Beneficial health effects of insect cuticle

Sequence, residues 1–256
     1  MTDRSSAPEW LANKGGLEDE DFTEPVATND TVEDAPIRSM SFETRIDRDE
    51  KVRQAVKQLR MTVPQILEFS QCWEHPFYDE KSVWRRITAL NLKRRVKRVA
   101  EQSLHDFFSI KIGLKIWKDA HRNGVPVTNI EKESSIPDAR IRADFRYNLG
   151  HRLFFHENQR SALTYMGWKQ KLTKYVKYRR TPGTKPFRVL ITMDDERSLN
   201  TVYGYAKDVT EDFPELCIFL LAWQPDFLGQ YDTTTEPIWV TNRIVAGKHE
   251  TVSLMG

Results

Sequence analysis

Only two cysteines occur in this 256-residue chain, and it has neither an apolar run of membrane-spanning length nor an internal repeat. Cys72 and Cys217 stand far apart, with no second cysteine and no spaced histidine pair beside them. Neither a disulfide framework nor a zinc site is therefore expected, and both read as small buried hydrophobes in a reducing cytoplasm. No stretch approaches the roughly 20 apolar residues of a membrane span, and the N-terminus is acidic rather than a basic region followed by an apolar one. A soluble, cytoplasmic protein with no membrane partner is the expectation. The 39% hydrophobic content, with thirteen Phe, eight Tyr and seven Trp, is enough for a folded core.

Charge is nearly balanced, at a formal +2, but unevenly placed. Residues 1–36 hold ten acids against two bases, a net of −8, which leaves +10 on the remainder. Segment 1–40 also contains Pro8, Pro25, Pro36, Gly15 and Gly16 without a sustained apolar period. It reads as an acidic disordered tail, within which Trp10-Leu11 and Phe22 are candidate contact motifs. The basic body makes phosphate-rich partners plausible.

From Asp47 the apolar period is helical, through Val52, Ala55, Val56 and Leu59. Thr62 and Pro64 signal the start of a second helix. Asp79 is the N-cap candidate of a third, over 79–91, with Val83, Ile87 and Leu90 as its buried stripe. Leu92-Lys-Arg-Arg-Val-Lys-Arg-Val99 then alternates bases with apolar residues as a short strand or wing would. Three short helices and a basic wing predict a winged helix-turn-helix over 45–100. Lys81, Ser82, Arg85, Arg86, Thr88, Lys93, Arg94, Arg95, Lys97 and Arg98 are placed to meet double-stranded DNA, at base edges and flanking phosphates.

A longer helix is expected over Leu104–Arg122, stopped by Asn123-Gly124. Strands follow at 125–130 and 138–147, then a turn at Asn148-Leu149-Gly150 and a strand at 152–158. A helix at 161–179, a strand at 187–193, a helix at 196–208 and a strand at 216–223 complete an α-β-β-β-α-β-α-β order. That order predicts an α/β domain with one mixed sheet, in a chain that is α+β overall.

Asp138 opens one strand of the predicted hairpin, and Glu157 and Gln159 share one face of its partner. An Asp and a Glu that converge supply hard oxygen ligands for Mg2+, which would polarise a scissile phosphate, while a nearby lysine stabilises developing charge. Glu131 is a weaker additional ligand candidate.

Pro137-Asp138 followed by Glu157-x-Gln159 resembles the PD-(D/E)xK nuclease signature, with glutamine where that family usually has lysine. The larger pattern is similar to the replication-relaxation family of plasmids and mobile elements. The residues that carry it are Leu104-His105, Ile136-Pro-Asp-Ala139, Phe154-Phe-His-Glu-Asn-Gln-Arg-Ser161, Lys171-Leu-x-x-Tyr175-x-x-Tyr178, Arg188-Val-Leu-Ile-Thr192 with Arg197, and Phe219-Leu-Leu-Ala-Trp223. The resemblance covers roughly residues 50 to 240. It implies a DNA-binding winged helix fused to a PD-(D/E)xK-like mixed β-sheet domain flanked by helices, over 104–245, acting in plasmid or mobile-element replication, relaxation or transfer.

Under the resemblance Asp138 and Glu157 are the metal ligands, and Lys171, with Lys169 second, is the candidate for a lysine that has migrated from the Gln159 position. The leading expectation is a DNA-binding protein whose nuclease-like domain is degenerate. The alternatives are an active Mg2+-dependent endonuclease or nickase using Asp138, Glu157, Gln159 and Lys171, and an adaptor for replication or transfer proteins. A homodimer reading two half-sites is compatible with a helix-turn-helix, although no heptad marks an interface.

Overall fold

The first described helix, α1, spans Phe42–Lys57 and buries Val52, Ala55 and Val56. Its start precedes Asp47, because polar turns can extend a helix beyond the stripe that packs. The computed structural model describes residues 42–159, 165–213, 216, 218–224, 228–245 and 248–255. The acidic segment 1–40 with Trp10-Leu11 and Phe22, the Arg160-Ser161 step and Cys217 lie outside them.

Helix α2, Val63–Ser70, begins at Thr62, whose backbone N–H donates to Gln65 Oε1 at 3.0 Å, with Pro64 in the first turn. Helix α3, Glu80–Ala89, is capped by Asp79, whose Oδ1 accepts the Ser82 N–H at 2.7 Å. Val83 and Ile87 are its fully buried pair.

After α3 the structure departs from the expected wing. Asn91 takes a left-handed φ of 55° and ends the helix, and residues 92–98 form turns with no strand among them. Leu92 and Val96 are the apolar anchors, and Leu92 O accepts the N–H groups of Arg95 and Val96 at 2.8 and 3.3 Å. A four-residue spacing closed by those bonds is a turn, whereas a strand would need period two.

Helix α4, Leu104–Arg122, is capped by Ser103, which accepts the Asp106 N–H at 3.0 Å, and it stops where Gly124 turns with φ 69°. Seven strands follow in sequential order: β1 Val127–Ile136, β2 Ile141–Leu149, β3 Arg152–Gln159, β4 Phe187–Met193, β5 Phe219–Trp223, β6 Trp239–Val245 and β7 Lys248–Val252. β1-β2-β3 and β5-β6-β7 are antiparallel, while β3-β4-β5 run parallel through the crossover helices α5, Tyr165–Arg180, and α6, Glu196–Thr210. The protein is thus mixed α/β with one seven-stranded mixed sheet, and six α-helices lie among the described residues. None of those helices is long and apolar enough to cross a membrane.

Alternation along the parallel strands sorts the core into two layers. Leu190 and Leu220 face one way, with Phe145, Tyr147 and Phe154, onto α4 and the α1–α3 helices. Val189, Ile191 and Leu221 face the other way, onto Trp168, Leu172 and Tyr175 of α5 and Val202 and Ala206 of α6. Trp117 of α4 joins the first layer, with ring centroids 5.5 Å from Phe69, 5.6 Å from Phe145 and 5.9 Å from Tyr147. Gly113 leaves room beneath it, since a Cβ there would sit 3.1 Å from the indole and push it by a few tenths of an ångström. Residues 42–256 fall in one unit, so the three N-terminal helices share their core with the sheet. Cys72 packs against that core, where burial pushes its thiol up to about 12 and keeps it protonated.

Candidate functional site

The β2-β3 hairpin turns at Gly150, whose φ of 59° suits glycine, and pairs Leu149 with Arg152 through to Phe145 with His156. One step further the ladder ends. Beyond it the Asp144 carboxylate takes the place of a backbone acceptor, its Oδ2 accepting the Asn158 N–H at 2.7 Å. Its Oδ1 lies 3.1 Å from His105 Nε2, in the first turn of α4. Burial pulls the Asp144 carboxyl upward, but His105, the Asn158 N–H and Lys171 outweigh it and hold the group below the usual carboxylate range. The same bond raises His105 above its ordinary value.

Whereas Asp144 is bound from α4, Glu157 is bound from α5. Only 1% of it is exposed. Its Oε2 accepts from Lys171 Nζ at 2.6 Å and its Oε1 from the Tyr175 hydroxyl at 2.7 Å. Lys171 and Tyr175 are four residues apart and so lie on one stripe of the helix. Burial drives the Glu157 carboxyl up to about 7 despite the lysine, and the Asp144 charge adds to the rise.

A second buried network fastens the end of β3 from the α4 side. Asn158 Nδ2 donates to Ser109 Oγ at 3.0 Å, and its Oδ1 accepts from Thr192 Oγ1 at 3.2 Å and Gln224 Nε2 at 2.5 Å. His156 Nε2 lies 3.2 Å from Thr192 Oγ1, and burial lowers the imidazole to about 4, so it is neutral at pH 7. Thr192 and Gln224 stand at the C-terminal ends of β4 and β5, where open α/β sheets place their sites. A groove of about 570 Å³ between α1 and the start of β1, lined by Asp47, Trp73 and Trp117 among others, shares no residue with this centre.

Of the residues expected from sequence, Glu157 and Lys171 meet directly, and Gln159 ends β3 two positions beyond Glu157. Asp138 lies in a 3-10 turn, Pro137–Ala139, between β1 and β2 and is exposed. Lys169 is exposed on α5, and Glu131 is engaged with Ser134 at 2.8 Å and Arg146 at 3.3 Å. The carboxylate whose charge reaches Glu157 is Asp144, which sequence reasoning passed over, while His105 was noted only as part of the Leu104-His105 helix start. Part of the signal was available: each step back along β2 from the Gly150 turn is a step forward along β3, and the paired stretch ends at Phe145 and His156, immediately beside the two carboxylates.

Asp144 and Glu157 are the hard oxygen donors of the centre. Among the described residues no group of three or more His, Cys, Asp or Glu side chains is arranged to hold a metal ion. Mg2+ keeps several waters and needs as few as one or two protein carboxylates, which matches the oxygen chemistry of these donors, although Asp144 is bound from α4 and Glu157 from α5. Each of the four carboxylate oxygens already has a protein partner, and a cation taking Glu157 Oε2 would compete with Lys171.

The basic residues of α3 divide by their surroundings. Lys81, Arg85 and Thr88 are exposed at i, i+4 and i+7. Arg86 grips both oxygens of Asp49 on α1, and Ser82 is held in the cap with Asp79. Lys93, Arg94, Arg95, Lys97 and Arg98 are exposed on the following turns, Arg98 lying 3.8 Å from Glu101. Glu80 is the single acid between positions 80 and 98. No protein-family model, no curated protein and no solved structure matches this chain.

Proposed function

What is it about the insect meal that causes this inhibition of lipid production? The answer might be chitin — a component of insect cuticle (comprising the exoskeleton). There is already plenty of evidence that ingesting chitin has benefits for mammals: among other things, it has been shown to beneficially alter the balance of human gut microbiota, improving intestinal barrier function and reducing inflammation[12]. To test the hypothesis that insect cuticle reduces lipid production in rats, obese rats were fed a normal casein diet to which ground insect cuticle was added — and indeed, this diet produced many of the same lipid-reducing effects as the diet in which casein was completely replaced by insect meal[16]. Specifically, there was a decrease in production of several proinflammatory lipids known to be associated with fatty liver disease (ceramide, glycosylceramides, and sphingomyelin). Additionally, several changes to gut microbiota were observed, including dramatic increases in Actinobacteria — known to have anti-inflammatory effects and to counteract fatty liver disease — as well as Lactobacillaceae and Bifidobacteria — both known to alleviate accumulation of lipids in the liver[11][14]. It is likely that these changes to the microbiota mediate the decrease in production of proinflammatory lipids in the liver. Interestingly, an increase in Bifidobacteria has also been observed in humans who were fed insect protein in the form of crickets[18], which suggests that the anti-obesity effects of insect protein observed in rats will also apply to humans.